Try Not To Imagine A Snake

Try Not To Imagine A Snake August 26, 2016


(image via Pixabay)

We’ve established, by now, that I had a weird childhood. Most people do. I think if we took an honest and empathetic look at the traumas and strangeness surrounding any given childhood, at any time in history, we would wonder that any adults are able to function as adults. Or perhaps we would just understand why so many adults don’t. In any case, my brand of weirdness started with run-of-the-mill scrupulous Catholicism; then we migrated to the Planet Charismatic of which I’ve spoken so often. But it wasn’t a Charismatic Catholic who told teenage me that I must not imagine a snake uncoiling at the base of my spine. It was my Traditionalist Catholic uncle.

He had just finished explaining to my aunt and me that yoga stretches weren’t necessarily demonic, but some meditations were. “There’s a meditation where you imagine a snake uncoiling at the base of your spine,” he said casually. “You shouldn’t do that one.”

Oblige me, for a moment. Try NOT to imagine a snake uncoiling at the base of your spine, once such a thing has been mentioned. Try as hard as you can not to imagine a dry-but-shiny legless squamate coiled at the base of your spine, and then try not to picture it uncoiling. The particular snake I’m trying not to picture is yellow with green darts all over it, wound tightly like a cinnamon bun sideways on the base of my spine, and when I try not to think of him uncoiling he slithers up. But the snake you’re desperately trying not to imagine could be any color. He needn’t be flat on the back of your spine like a tattoo, either; he could be curled around your spine like the snake on the staff which is the symbol of chiropractic medicine and the god Mercury. Don’t picture that.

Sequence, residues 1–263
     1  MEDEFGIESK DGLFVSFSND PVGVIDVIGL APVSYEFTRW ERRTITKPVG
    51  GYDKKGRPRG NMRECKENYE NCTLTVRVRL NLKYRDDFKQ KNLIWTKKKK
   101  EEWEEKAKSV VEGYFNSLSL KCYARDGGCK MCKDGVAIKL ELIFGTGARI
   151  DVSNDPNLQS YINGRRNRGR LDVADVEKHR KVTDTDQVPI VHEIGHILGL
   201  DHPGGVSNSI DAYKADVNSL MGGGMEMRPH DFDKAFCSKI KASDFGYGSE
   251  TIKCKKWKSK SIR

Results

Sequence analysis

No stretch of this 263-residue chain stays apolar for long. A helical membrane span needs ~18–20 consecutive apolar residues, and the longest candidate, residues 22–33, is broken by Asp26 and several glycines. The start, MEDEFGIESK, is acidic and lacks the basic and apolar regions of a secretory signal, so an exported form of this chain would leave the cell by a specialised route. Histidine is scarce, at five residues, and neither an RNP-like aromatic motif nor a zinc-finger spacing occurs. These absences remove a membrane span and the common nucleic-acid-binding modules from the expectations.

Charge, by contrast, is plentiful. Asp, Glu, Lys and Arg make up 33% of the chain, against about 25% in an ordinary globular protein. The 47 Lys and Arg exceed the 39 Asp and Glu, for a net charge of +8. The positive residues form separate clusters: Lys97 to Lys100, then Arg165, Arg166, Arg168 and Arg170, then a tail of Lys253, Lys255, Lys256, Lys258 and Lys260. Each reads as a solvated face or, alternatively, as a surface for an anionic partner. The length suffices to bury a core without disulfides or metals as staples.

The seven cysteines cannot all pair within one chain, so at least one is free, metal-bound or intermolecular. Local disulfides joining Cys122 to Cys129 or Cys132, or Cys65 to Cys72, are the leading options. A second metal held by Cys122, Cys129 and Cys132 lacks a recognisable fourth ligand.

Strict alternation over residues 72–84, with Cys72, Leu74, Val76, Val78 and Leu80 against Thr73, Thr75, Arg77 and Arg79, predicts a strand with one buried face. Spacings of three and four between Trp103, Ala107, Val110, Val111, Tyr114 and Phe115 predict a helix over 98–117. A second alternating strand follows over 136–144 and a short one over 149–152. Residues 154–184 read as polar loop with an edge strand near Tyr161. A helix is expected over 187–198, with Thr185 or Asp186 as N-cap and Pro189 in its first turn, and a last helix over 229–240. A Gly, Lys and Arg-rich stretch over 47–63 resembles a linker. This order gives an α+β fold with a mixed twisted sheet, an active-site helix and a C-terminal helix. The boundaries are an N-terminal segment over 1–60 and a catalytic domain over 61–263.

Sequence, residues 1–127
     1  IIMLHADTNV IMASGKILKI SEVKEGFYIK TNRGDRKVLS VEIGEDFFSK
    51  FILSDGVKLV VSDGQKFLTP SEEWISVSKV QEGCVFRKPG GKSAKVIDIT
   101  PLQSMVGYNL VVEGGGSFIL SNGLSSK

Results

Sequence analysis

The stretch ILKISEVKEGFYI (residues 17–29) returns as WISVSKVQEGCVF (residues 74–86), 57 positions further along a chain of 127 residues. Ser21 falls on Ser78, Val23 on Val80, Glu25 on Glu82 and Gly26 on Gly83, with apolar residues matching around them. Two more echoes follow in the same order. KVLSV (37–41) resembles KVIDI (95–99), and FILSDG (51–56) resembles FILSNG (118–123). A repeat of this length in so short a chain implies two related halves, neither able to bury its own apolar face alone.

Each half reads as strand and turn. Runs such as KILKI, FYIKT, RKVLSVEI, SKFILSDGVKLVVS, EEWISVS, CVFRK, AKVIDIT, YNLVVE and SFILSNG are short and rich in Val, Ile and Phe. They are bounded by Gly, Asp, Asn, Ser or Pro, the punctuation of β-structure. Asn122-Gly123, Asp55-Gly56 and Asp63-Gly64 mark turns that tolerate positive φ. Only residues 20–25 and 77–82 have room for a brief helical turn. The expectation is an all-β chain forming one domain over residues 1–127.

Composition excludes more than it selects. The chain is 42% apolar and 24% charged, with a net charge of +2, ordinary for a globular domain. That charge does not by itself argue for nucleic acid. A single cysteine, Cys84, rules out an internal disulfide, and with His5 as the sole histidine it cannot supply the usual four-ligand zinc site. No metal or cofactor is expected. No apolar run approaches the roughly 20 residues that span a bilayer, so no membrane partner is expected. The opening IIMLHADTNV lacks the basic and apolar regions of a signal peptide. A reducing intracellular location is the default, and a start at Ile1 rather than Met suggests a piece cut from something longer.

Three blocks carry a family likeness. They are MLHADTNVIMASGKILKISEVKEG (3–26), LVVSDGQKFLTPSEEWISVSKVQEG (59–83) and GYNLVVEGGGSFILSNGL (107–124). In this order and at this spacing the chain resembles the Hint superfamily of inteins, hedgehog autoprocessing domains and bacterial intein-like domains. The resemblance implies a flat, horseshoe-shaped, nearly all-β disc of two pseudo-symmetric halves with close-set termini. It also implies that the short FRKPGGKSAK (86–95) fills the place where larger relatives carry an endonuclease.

You see my difficulty.

My uncle made this pronouncement at our annual week-long family reunion deep in the woods of Pocahontas County, West Virginia, easily the most beautiful place in all the world. Very few human beings live there; it’s mostly small mountains all carpeted in temperate forests so full of life that they might be jungles. We took our vacations in a state park that’s flush up against a National Wilderness and a hunting preserve. They say that the whole place was clear-cut by loggers and ruined before Roosevelt established the CCC and created the state park, but it’s so marvelously alive now that you could believe it had never been touched by human beings. In this park, there are animals of all kinds, both of the aesthetic deer-and-bears variety and the creepy-crawly as well. There are alarming blue horseflies, jewel-colored dragonflies and enormous, lazy bees. There are katydids that terrify you when they zip into your cabin and wail at night. There are bats that feast on all the insects. And there are an alarming number of snakes.

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